The Civil Rights Act under which this action was filed provides as follows: Every person who, under color of [state law] . . . subjects, or causes to be subjected, any citizen of the United States . . . to the deprivation of any rights, privileges, or immunities secured by the Constitution . . . shall be liable to the party injured in an action at law, suit in equity, or other proper proceeding for redress.
42 U.S.C. § 1983. The statute requires that there be an actual connection or link between the actions of the defendants and the deprivation alleged to have been suffered by plaintiff. See Monell v. Department of Social Servs., 436 U.S. 658, 692 (1978) ("Congress did not intend § 1983 liability to attach where . . . causation [is] absent."); Rizzo v. Goode, 423 U.S. 362 (1976) (no affirmative link between the incidents of police misconduct and the adoption of any plan or policy demonstrating their authorization or approval of such misconduct). "A person 'subjects' another to the deprivation of a constitutional right, within the meaning of § 1983, if he does an affirmative act, participates in another's affirmative acts or omits to perform an act which he is legally required to do that causes the deprivation of which complaint is made." Johnson v. Duffy, 588 F.2d 740, 743 (9th Cir. 1978).
Medical records are confidential. California Civil Code § 56.10(a) provides that No provider of health care, health care service plan, or contractor shall disclose medical information regarding a patient of the provider of health care or an enrollee or subscriber of a health care service plan without first obtaining an authorization, except as provided in subdivision (b) or (c).
Id. However, 42 U.S.C. § 1983 is a remedy for violations of certain federal rights. Violations of state law are not cognizable under § 1983. See, e.g., Moreland v. Las Vegas Metro. Police Dep't, 159 F.3d 365, 371 (9th Cir. 1998) ("state law violations do not, on their own, give rise to liability under § 1983[.]") (citation omitted).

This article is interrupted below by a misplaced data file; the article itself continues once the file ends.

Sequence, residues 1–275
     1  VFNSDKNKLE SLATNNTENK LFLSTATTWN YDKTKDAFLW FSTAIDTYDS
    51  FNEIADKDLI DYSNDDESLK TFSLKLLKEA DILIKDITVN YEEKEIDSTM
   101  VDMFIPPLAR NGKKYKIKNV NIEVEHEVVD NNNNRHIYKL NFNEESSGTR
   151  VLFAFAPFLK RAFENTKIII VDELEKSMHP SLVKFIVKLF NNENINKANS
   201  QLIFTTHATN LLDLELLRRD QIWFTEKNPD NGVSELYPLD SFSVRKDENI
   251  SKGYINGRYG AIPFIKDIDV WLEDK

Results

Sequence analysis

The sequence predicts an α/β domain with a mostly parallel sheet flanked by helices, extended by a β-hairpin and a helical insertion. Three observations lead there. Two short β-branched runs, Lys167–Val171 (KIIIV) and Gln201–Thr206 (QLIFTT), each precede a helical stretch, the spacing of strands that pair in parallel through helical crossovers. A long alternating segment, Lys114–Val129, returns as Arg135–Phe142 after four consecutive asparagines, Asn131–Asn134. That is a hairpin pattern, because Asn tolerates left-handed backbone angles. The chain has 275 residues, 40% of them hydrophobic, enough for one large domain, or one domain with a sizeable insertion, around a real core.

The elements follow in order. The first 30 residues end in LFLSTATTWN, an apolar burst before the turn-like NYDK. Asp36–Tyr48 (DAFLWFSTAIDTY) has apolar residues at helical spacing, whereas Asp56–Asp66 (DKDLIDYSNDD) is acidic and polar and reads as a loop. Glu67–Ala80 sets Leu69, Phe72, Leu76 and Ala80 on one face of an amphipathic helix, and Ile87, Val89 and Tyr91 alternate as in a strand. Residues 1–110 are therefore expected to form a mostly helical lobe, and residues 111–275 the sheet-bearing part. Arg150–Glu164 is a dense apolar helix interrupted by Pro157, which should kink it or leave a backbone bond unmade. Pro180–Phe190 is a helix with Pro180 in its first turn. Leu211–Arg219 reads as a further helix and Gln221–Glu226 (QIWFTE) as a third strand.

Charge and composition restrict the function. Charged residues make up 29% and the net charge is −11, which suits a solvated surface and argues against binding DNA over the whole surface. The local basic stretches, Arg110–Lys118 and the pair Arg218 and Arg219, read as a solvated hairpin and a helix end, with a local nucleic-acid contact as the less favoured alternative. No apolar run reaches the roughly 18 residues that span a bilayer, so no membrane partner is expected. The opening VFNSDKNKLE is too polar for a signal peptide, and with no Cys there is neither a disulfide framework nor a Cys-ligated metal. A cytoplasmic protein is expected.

Moreover, to the extent plaintiff alleges a violation of the Health Insurance Portability and Accountability Act of 1996 ("HIPAA"), HIPAA created no private right of action. U.S. v. Streich, 560 F.3d 926 (9th Cir. 2009) ("HIPPA does not provide any private right of action."); Webb v. Smart Document Solutions, LLC, 499 F.3d 1078, 1081 (9th Cir. 2007) ("HIPAA itself provides no right of action."); University of Colorado Hosp. v. Denver Publ'g Co., 340 F. Supp. 2d 1142, 1145 (D.Colo. 2004) (HIPAA statutory text and structure display no intent to create a private right of action, and Act expressly provides a method for enforcing prohibitions, which indicates Congress did not intend to allow an additional private remedy). Put another way, only the government can bring a claim against a medical provider for violation of HIPAA. Plaintiff has failed to identify any other alleged federal constitutional violation.
Finally, CVS Pharmacy is not a state actor, and does not act under color of state law. See Lennstrom v. Auburn Community Health Center, 2006 WL 16320 (W.D. Wash. Jan. 4, 2006) ("[B]ecause Safeway Pharmacy is not a 'state actor,' the Civil Rights Act, 42 U.S.C. § 1983, does not allow for a cause of action against it.")
Accordingly, plaintiff's claim is not cognizable under 42 U.S.C. § 1983, and his complaint must be dismissed. However, in an abundance of caution, plaintiff's complaint will be dismissed with leave to amend should plaintiff be able to demonstrate his federal constitutional rights have been violated, and can name a culpable defendant. In the alternative, plaintiff may file a notice of voluntary dismissal pursuant to Fed. R. Civ. ...